We have answers to the question, "What drive should I order for my 'late 2012' iMac 27-inch?" Since the 27-inch uses 3.5-inch HDDs, the drive choices and drive performance will be different from the 21.5-inch iMac which uses 2.5-inch HDDs. With the help of remote mad scientists, we were able to get test results on four of the five permutations available to 27-inch iMac buyers.
SSD 768G = factory 768GB SSD SM768E (Samsung)
Fusion 1TB = factory 1TB Fusion Drive (128G SSD SM128E + 1TB Seagate ST1000DM003)
HDD 3TB = factory 3TB HDD (Seagate Barracuda 7200.14 ST3000DM001)
HDD 1TB = factory 1TB HDD (Seagate Barracuda 7200.14 ST1000DM003)
We used Intech Software's QuickBench 4 to measure the small random transfer speed of each drive. In the Standard test, it samples 4K, 8K, 16K, 32K, 64K, 128K, 256K, 512K, and 1024K random transfers. Then it computes an average from 5 cycles of each. (HIGHER number in Megabytes per Second is FASTER)
Next we used the Custom Sequential test in QuickBench to measure transfer speed of a 1GB test size. We use the average of 5 cycles. (HIGHER number in Megabytes per Second is FASTER)
The SSD is the fastest choice, obviously, if you are willing to cough up $1300. Also, it won't slow down in certain situations that affect the Fusion Drive's performance. (See "Fusion Reality Check" below.)
The $250 for the 1TB Fusion Drive is much easier to swallow. And for most users, it will provide plenty of speed -- especially in comparison to the HDD options.
In defense of the HDDs we tested, the Seagate Barracuda 7200.14 is the fastest 7200 rpm drive we have tested to date. The only HDD faster is the newest model of WDC Velociraptor 10,000 rpm 1TB drive -- which we happen to have running in our 6-core Mac Pro.
NOTICE ONE DRIVE IS MISSING?
Remember when we wrote, "four of the five"? The 5th drive CTO option for the 2012 iMac 27-inch: the 3TB Fusion Drive (most likely a 128G SSD SM128E fused to a 3TB Seagate ST3000DM001). We simply did not have access to one or to any "remote mad scientist" that had one and was willing to test it. But you can infer the performance will be the same as the 1TB Fusion shown in the graphs -- as long as the SSD is in play. Once you overflow the SSD and are using the HDD, the performance will be the same as the 3TB factory HDD shown in the graphs.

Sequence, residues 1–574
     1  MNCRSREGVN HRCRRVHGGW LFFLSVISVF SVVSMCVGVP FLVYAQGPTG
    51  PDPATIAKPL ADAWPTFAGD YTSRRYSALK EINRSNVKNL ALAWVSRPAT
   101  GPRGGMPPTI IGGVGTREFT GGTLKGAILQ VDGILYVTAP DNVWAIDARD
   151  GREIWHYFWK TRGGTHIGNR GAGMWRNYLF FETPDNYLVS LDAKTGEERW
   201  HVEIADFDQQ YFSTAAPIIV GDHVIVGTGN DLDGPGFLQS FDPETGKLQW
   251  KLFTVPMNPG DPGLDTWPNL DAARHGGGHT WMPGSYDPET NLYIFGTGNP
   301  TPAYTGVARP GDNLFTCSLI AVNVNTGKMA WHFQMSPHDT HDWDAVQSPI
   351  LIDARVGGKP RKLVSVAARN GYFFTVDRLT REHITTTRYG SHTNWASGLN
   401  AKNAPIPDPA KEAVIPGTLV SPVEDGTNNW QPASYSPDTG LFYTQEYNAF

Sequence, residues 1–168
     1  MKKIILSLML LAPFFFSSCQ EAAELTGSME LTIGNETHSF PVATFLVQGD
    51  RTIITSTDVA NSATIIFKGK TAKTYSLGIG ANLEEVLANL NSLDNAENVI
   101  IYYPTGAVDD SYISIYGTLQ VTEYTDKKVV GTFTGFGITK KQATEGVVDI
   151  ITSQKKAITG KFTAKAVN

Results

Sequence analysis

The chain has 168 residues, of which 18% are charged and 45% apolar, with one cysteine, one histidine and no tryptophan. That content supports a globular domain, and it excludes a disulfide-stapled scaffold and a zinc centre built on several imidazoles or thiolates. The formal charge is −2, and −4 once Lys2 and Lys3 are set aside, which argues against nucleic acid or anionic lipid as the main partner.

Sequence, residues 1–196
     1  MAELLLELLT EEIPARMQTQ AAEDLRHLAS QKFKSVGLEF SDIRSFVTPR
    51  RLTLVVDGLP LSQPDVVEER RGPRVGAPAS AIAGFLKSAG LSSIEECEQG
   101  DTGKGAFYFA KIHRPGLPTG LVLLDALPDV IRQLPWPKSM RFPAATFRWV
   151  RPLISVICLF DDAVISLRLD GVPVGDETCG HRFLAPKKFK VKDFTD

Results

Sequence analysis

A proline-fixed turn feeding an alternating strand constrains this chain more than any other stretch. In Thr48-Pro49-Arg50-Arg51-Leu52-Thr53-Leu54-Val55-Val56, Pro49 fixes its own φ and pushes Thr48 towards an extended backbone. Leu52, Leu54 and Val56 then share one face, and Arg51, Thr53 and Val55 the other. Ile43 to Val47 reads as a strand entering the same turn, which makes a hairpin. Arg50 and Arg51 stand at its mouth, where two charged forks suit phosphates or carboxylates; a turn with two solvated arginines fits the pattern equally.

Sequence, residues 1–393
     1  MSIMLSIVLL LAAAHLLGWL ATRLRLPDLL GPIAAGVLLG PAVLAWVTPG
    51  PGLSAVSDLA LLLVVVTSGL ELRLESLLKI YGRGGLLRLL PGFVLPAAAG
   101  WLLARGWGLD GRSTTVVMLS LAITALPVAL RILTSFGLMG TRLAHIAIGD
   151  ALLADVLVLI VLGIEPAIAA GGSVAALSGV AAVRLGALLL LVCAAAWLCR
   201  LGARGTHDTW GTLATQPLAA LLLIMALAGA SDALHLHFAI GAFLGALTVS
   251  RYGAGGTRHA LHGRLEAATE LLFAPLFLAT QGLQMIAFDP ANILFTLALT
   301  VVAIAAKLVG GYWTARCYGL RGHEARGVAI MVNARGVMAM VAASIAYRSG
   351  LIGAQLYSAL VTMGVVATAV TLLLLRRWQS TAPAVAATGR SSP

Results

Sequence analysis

Choose your drive carefully. You can't just pop in an upgrade if you are dissatisfied with your choice. Upgrading the drive requires disassembling the iMac. The first step is a bit icky and risky. You must use a heat gun to melt the adhesive holding the display assembly in place and use a guitar pick to pry the display away from the rear case containing all the components. Not for the faint of heart or someone with five thumbs on each hand. For more on this, see ifixit's disassembly instructions for the 21.5-inch 'late 2012' iMac. The initial part of the procedure is the same for the 27-inch 'late 2012' iMac.
CONSIDER EXTERNAL STORAGE OPTIONS
During our benchmarking of the 27-inch iMac, we used the newest LaCie Little Big Disk Thunderbolt (with dual 256G SSDs in RAID 0 set). At 700+MB/s READ and 500+MB/s WRITE it's faster than the internal Fusion Drive. In other words, you don't have to crack open your iMac to go faster -- unless you have your heart set on having an uncluttered desk. Otherwise, there are several excellent Thunderbolt enclosures you can buy which provide extra storage speed and space for your new iMac. Don't forget you have USB 3.0 ports now. We will be testing and reporting on two new, fast USB 3.0 enclosures.
A FUSION REALITY CHECK
Though the Fusion Drive is impressive, just be aware that it has its limits. In a test we conducted on various Fusion and cached storage products, we found that the speed dropped dramatically if the transfer size exceeded the unused space on the flash module "fused" to the hard disk drive. In the case of the 1TB Fusion Drive, the drop in speed was triggered when we attempted to transfer 88GB of HD video. That is an extreme test and hopefully won't affect the average user.
IN CASED YOU MISSED THEM,
we have several other test pages posted for the 'late 2012' iMac. See our index page for the full list of recent tests listed in reverse chronological order -- latest first.
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